SFA author Jim Evans is a 45-year veteran of the health and fitness industry and an internationally recognized fitness consultant. Today Jim shares some great advice on staying active in the workplace.
DEAR JIM: I’m getting along in years at 74, but I’m still working full-time and love my job. However, it’s a "sit-down" job in front of a computer that doesn’t provide much physical activity, and my weight seems to be creeping up on me during the past few years. It’s not much — only two to three pounds a year — but I’ve put on about 12 pounds in the past five years. I watch what I eat and try to stay active when I’m not working, but it doesn’t seem to be helping now. I know my metabolism has slowed down with age, but is there anything else I can do? GAINING IN GRINNELL
DEAR GAINING: Although you have tried to stay physically active, you are probably suffering from a common infirmity known as "sitting disease." But not to worry. There is a cure. In fact, the cure can increase both your physical activity level and your metabolism at the same time, even while you are working.
Studies have found that the physical activity associated with standing — rather than sitting — has a profound impact on overall health. "Sitting disease," a long-term result of prolonged sitting (more than 6.5 hours a day), includes increased risk of cardiovascular disease, diabetes, cancer and early mortality.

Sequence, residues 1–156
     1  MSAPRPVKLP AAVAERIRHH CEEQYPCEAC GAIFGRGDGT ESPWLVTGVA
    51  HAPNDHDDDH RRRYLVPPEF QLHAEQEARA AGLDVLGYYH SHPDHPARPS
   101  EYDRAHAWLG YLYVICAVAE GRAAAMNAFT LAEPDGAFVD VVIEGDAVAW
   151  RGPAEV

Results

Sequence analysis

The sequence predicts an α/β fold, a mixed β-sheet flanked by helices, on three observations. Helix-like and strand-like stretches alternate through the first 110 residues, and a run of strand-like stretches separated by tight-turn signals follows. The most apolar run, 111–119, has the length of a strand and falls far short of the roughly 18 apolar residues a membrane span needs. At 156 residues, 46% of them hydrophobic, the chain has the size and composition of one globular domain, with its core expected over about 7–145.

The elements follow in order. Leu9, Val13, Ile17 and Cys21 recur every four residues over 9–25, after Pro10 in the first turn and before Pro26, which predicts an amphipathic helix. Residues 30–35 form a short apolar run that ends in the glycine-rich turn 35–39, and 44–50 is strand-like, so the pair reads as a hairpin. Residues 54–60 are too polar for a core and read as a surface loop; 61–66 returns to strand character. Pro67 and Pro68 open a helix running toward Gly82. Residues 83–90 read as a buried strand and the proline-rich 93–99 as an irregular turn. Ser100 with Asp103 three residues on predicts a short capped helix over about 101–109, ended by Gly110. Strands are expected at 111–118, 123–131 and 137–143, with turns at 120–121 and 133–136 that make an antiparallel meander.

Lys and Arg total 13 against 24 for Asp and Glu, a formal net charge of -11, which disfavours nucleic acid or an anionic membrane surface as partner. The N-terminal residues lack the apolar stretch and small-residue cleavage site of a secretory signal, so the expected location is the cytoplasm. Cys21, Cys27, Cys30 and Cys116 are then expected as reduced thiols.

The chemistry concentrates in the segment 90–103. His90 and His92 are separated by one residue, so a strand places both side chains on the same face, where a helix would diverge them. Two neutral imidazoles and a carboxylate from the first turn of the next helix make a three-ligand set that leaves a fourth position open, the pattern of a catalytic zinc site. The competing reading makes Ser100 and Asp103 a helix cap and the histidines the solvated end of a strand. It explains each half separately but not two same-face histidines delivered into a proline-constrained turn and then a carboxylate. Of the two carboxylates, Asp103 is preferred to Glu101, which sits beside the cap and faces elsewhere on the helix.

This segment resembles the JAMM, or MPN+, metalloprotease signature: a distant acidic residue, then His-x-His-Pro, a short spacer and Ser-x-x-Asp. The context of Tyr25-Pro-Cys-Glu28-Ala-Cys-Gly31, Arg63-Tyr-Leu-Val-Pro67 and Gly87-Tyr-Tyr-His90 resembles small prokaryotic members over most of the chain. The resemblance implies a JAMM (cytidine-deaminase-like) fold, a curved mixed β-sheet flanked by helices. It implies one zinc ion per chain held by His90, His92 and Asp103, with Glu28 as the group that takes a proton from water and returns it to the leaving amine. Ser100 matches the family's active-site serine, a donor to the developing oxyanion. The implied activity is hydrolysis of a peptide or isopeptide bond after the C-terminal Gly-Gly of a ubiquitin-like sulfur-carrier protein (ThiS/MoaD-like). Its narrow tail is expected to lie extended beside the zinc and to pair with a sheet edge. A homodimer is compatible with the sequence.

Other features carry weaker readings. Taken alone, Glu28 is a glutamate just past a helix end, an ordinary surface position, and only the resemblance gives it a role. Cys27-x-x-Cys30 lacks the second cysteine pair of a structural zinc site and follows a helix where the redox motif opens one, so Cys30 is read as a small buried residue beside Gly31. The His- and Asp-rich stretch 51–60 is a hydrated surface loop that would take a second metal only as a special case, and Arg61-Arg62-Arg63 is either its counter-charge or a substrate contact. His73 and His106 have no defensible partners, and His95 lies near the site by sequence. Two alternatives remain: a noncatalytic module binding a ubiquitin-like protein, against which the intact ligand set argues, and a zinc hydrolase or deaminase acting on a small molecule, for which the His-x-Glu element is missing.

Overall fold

Based on the results of these studies, Ergotron, Inc.,www.ergotron.com of St. Paul, Minnesota, the global leader in ergonomic and wellness-enhancing mounting and mobility products, is urging employers to start utilizing stand-up and walkable work stations to fight "sitting disease."
"Responsible businesses need to understand the strong correlation that exists between extended periods of sitting and the associated impact that conditions such as heart disease and stroke will have on the global workforce," says Joel Hazzard, president and CEO of Ergotron. "By offering access to sit-stand computing options, businesses are creating an environment that promotes and supports optimum wellness and an active work style, and as a result healthier and happier employees."
Jacquie Evans, communication manager and executive assistant to the CEO of Hospice of the East Bay (hospiceeastbay.org/), has long been an advocate of working while standing. She says, "Like many people working in an office environment, I spend a lot of time on my computer and, after watching a special segment on ABC’s Good Morning America about the benefits of standing while working, I decided to try it. Now, after standing at my desk for more than two years, I really think it has made a difference in my overall concentration and alertness during the day, and it has definitely improved my posture. And, I don’t experience the back pains anymore either from sitting for so long day after day. It has helped me control my weight, too, because I find myself eating less in a standing position."
Until and unless your company acquires ergonomically-correct furniture to accommodate some kind of a mounting device or "lift" to raise your computer to a higher level where you can easily use it in a standing position, you might place something under it. "I just placed a simple cardboard box under my computer in the beginning," says Evans, "until I could find an adjustable desk top that offered more stability."
So join the "uprising" and see what happens. You might be pleasantly surprised to see your weight start heading in the right direction again.